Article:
Unfortunately, says Alex Häusler, director of flavour excellence at Givaudan, while humans provide the most sensitive testing instrument, they are not the most reliable. People are born with different sets of taste receptors and different ways of interpreting them. Think of the last time you watched somebody pour spoonfuls of sugar into a cup of coffee. Texture is a particular conundrum. It contributes substantially to the pleasure of eating, yet very little is known about it. Why is rubbery squid enjoyable and rubbery toast not? What does “succulent” mean? Since the 1960s, the food industry has devised a battery of instrument tests for desired textural properties, including poking peas with pins and bending biscuits. But theory has been lacking, and giving a carrot a whack bears little resemblance to what happens inside the mouth, where it is traversed by a multitude of physicochemical processes. Julian Vincent of the University of Bath, in Britain, is one of a small band of academic researchers who are trying to relate the results of mechanical tests to perceptions such as crispness.

F The dynamics of flavour release—ie, the appearance and disappearance of flavour—have also resisted measurement. Researchers at the University of Nottingham, also in Britain, have developed and commercialised an instrument called MS-Nose that sucks in breath from a person’s nose while they are chewing gum, for instance, and analyses the aroma molecules it finds there. Firmenich has adopted the technology in its search for better ways of delivering flavour. The approach has stimulated a good deal of interest, even though the results tend to be unique to the person tested.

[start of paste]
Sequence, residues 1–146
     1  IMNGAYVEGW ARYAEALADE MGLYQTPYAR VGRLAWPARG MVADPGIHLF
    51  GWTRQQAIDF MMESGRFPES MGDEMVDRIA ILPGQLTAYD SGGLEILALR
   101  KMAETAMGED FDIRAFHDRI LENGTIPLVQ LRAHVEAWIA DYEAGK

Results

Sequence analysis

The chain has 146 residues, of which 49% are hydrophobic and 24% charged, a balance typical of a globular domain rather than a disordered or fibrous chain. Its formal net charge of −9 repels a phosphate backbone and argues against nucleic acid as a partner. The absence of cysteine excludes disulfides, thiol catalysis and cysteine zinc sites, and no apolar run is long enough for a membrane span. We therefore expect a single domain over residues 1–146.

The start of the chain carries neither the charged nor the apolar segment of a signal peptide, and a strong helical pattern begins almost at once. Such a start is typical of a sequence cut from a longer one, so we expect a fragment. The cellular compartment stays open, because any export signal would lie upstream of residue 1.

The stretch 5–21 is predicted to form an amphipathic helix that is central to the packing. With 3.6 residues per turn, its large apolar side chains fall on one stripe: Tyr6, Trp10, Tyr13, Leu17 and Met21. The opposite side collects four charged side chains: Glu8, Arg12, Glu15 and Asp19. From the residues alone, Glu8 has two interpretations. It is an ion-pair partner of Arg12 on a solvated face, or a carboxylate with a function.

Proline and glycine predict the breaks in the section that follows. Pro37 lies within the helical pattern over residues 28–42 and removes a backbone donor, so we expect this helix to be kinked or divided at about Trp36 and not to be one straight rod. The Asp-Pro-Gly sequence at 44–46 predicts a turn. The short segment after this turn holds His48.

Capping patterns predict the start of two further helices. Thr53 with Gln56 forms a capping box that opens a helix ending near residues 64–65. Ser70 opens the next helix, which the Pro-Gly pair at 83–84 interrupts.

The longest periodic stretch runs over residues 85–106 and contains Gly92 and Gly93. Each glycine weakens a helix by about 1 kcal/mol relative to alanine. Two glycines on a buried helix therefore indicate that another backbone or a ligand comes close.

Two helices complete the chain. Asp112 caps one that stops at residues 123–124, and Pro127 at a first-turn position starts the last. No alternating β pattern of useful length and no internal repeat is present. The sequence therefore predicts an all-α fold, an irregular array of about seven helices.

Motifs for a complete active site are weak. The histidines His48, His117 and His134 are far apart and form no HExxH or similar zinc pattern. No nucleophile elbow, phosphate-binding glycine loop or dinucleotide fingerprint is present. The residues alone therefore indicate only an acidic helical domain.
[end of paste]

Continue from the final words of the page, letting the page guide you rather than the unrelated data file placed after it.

Physiological studies of flavour are conducted using animals (mostly rats and hamsters) or bacteria, which have robust taste receptors. In humans, techniques such as functional magnetic-resonance imaging and positron-emission tomography—currently being applied to problems as diverse as working memory and lovesickness—can reveal patterns of electrical activity swishing around the brain in real time, says Dr Blake. The idea is to get a person to eat something and see what parts of their brain light up. But the technologies are not yet sensitive enough, nor are the ways of analysing the data meaningful enough, for the methods to be useful in studies of flavour. An alternative approach, says Monell’s Dr Beauchamp, would be to focus on specific genes in animals and alter them to track the pathways that the brain uses in integrating signals from the receptors.

G At present, finding the right enhancer or blocker for a given receptor means looking at thousands of compounds, a task better suited to automated testing than the caprices of the human tongue. Senomyx, a young biotech company in La Jolla, California, intends to use such a technology, called “high-throughput screening”, to test legions of compounds against taste and smell receptors. Whether the technique will prove more successful in food science than in pharmaceutical research and development, where it is widely used but has not yet produced a blockbuster drug, remains to be seen. Another biotech firm, Linguagen of Paramus, New Jersey, is also bringing modern science to bear in the search for flavour modifiers, particularly bitterness blockers.